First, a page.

Three decades ago I bought my first stock and little did I know what a long and wild ride this would become. Like everyone else, I thought, “How hard could this be?” (Ignorance is bliss!) This adventure would take me through some of the highest of highs and the lowest of lows. (Experience is the name we give our mistakes.)
Through those 30+ years, I’ve been experimenting, learning, and honing my craft. I tried everything from speculating in small growth stocks, to chasing whatever was going up the most, to options strategies so complex they require a math degree to calculate the profit and loss profile.
Some of these experiments worked well. Others not so much. But through it all, I’ve been growing as a trader every step of the way. Complexity is undeniably seductive (can anyone say iron condor?). But the thing I kept coming back to was the beauty of simplicity. Why should I make something harder when I can make it easier?
This was the genesis for my Triple Levered Method. If the first step of every trading strategy begins with analyzing the overall market, why not stop there? The more moving parts a strategy has, the more opportunities we have to screw it up. I firmly believe in doing one thing and doing it well. The added benefit of focusing on the overall market is it is something that will never go out of style. Once I mastered it, I could use it for the rest of my life.
Without a doubt, landing the biggest winners is a huge thrill. Who doesn’t want to brag to their neighbors about buying AAPL in 2003? But chasing the hottest stocks also means learning the behaviors and nuances of 100s of stocks. And the challenge isn’t just about discovering the biggest winners, but also knowing when to get off. Is anyone still bragging about their PALM, NOK, AOL, or BBBY positions? Of course not. And no doubt AAPL, AMZN, and TSLA will join the ranks of has-beens eventually.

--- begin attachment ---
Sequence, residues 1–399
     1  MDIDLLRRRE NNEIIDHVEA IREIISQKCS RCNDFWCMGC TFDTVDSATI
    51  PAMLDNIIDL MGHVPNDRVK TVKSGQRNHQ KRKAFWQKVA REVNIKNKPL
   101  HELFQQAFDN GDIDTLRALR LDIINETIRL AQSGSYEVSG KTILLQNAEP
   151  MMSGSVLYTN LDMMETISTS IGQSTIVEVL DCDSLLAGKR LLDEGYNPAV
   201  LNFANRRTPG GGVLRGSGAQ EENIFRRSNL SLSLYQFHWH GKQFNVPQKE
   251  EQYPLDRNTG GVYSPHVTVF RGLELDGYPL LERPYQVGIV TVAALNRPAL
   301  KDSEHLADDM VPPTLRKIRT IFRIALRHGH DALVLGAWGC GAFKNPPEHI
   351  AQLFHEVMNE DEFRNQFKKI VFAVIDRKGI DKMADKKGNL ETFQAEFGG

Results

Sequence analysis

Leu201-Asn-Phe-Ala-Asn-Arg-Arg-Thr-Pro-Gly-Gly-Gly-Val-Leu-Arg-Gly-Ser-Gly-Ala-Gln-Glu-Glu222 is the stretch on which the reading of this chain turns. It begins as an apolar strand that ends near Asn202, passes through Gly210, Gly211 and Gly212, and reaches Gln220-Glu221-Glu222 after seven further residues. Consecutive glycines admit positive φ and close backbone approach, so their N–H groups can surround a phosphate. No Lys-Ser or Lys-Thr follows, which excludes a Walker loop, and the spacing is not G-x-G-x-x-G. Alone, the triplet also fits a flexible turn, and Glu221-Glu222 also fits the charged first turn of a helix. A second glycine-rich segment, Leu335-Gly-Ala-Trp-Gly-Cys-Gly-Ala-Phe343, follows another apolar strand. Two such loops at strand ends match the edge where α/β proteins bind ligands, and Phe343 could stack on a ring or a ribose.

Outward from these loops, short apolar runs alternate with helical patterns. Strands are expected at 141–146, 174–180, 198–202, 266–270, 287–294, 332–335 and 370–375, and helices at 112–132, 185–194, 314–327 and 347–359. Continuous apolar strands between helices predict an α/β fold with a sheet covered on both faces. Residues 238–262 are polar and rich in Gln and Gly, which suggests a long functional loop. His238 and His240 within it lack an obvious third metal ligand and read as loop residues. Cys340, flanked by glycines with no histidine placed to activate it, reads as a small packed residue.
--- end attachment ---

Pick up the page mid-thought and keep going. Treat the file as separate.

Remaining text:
I landed on swing trading the indexes out of necessity. In 2008, my first son was born and that dramatically changed how much time and energy I had left to give to the market. Previously, I would spend hours every day pouring over hundreds of charts, searching for that diamond in the rough that was on the verge of exploding higher. But the demands of supporting my wife and newborn forced me to change everything.
While I fell back to swing-trading the indexes ten years ago out of necessity, I never realized what a life-changing revelation this simple strategy would become. Hours of research turned into minutes. Following hundreds of stocks and juggling a dozen positions turned into watching one thing and only one thing.
This simplification was born out of necessity, but what I didn’t expect was just how wildly profitable this strategy would become. I always assumed profitability would be a compromise until I got back to chasing the biggest winners again. But as it turned out, I made more money with this simple swing-trading strategy than I ever did chasing home runs.
Less work and more money? It sounds too good to be true, but that’s exactly what happened.